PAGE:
The Source of the Foreclosure Crisis
The foreclosure epidemic is ongoing. We Chicagoans have personal experience with this. Thousands of buildings are boarded up and vacant on the West and South sides. Paying tenants are actually evicted just because banks don't have proper property management faculties. Vacant properties sit decaying and ill-maintained.
As the city and county consider reasonable proposals, such as maintenance crackdowns and prevention of sudden eviction for paying tenants in a foreclosed building, and unreasonable proposals, such as eminent domain and taxpayer dollars to free property owners of privately accumulated debt, it may be helpful to consider the source of this problem.
Bear in mind the difference between this economic downturn and downturns in the early 2000s, in the early 90s, and before. The difference in number of foreclosures can be explained by the sheer size of the burst bubble, which had been growing over the last several economic cycles. But what is new this time around is the time that foreclosures spend on the market, idling empty and unused.
Remember that in 2008-2009 the banking system was imploding, and would have collapsed without massive portions of taxpayers' money. These actions were unprecedented, and are just the actions that differentiate this downturn from the rest of them. The relationship between unprecedented bailouts and an unprecedented foreclosure crisis becomes more obvious after considering the unfettered market's method of clearing bad loans.
The bailouts saved the banks from insolvency, bankruptcy, and liquidation. But let us consider what would have happened were it not for these egregious and outrageous bailouts. When a company enters bankruptcy, its assets do not disappear. Its employees do not necessarily lose their jobs. Its factories do not shut down. Rather, a bankruptcy judge is entrusted with the authority to help the company emerge from bankruptcy by selling some of its assets and restructuring its debt, including liquidating some debt by forcing investor haircuts. If the company cannot emerge from bankruptcy this way, then its assets are liquidated and the holders of its debt are returned as much of their capital as possible.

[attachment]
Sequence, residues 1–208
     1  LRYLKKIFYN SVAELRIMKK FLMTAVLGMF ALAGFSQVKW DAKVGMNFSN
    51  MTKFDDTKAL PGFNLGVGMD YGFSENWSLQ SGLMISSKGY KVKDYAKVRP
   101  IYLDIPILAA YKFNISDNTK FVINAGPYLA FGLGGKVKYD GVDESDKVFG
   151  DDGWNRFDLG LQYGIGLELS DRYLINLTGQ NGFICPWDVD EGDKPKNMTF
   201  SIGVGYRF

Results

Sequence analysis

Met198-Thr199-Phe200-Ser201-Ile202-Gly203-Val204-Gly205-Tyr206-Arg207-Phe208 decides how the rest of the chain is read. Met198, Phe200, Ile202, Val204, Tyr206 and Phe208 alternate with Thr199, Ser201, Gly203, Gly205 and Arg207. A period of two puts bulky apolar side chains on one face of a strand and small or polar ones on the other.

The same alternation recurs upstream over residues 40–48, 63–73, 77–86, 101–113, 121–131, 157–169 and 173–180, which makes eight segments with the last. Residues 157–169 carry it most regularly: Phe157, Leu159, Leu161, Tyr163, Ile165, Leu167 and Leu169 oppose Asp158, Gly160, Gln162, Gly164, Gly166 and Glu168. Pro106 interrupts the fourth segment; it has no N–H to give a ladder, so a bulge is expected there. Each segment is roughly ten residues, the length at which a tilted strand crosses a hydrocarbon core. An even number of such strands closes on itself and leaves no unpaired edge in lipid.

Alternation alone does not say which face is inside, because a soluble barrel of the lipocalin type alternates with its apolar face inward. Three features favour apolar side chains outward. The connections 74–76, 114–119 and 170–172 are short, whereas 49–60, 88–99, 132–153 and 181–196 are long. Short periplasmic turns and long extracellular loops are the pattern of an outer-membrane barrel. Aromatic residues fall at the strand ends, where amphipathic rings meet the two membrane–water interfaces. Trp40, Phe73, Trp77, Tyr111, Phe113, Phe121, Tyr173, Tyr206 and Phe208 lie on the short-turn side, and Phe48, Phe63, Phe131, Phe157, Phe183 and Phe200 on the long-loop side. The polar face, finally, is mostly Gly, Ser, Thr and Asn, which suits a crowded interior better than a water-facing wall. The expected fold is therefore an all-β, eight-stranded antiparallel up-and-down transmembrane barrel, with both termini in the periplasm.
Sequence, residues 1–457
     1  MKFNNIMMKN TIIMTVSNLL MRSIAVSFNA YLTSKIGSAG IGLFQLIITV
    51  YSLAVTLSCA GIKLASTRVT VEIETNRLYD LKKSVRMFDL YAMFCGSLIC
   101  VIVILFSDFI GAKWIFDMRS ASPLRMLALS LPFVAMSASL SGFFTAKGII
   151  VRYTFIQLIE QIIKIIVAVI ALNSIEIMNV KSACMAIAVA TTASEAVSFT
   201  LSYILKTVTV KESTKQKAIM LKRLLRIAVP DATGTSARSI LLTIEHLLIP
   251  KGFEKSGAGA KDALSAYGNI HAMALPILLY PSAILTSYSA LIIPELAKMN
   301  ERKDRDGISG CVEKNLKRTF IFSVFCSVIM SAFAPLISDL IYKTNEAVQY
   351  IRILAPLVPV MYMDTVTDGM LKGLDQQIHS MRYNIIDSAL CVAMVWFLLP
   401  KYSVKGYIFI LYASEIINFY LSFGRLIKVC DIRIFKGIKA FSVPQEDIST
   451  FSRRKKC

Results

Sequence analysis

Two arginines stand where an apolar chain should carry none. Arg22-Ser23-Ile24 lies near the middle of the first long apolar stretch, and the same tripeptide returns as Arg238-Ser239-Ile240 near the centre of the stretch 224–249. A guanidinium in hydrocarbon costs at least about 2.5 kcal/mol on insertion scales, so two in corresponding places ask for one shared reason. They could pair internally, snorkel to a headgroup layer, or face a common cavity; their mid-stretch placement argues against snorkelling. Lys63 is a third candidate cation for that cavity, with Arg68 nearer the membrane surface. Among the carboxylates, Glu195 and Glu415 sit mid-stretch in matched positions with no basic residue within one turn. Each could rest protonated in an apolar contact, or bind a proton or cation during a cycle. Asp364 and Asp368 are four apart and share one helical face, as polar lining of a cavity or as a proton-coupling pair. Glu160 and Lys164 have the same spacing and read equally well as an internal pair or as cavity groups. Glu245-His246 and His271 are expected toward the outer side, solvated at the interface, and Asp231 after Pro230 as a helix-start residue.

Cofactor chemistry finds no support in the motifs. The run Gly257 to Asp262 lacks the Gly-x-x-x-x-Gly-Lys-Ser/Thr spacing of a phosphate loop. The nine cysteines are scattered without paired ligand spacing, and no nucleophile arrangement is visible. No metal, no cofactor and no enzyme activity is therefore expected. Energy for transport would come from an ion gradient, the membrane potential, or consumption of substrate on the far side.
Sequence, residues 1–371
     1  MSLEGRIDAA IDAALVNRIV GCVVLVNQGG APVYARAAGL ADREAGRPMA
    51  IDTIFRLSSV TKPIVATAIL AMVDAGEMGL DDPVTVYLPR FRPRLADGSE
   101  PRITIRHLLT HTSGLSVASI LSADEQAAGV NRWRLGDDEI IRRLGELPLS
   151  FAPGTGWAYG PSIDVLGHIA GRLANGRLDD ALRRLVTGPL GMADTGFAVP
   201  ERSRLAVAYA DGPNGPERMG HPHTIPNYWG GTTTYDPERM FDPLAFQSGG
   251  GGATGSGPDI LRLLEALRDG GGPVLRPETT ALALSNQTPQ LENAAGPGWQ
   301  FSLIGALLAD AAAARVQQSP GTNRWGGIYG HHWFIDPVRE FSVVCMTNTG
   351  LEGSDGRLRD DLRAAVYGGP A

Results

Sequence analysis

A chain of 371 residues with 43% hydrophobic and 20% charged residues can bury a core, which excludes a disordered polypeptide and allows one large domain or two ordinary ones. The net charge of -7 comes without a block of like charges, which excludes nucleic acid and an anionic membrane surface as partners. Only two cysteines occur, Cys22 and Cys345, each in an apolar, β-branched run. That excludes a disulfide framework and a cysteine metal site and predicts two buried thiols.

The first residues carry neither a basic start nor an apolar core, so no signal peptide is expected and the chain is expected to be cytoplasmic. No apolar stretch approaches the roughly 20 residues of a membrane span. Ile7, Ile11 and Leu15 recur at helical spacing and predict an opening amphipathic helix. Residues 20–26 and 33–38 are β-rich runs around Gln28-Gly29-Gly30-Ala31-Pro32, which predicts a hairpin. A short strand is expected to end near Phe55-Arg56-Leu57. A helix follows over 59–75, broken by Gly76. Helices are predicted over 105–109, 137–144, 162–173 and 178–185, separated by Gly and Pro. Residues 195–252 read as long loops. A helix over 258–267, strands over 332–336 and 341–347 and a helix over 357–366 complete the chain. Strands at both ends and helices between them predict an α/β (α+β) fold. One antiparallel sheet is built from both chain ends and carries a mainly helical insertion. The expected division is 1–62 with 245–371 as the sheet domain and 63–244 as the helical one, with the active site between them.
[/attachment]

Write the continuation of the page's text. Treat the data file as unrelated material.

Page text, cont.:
With the bailouts and a rule in Dodd-Frank, banks are allowed to pretend to be solvent based on loans which are years in default but never marked down, and assets that remain marked at old inflated values. If these banks were allowed to go belly up and forced to mark their loans and assets at true value, then they would go to bankruptcy court, be forced to foreclose on all the loans that are non-performing (bringing a glut of supply in to the market and dropping the price to real value) and in all likelihood sell their performing and struggling loans and repossessed assets for whatever they would bring (i.e. fire sale). What this means is that the new owners of the loans are not hurt in the same way as the old if the loans stop performing (the debt is already written down and forced out of the system), severing this repeating negative feedback cycle we're in. These new owners would be more willing to renegotiate loans with homeowners. Further, assets more swiftly marked to true book value, or sold for whatever they bring, would swiftly crater in price, avoiding this many-years-long torturous drop and quickly finding buyers at the bottom, allowing the true, bad-debt-free recovery to begin.
Also note that if the FED were not setting interest rates at artificially low levels then assets would drop even further in price and swiftly attract equity capital.
So take notice that this kind of depression is not naturally caused. Although this is not a problem caused by homeowners, who are really not at fault, eminent domain will not solve the problem (just suck up public money and destroy property rights). To end the foreclosure crisis end the bailouts and END THE FED!
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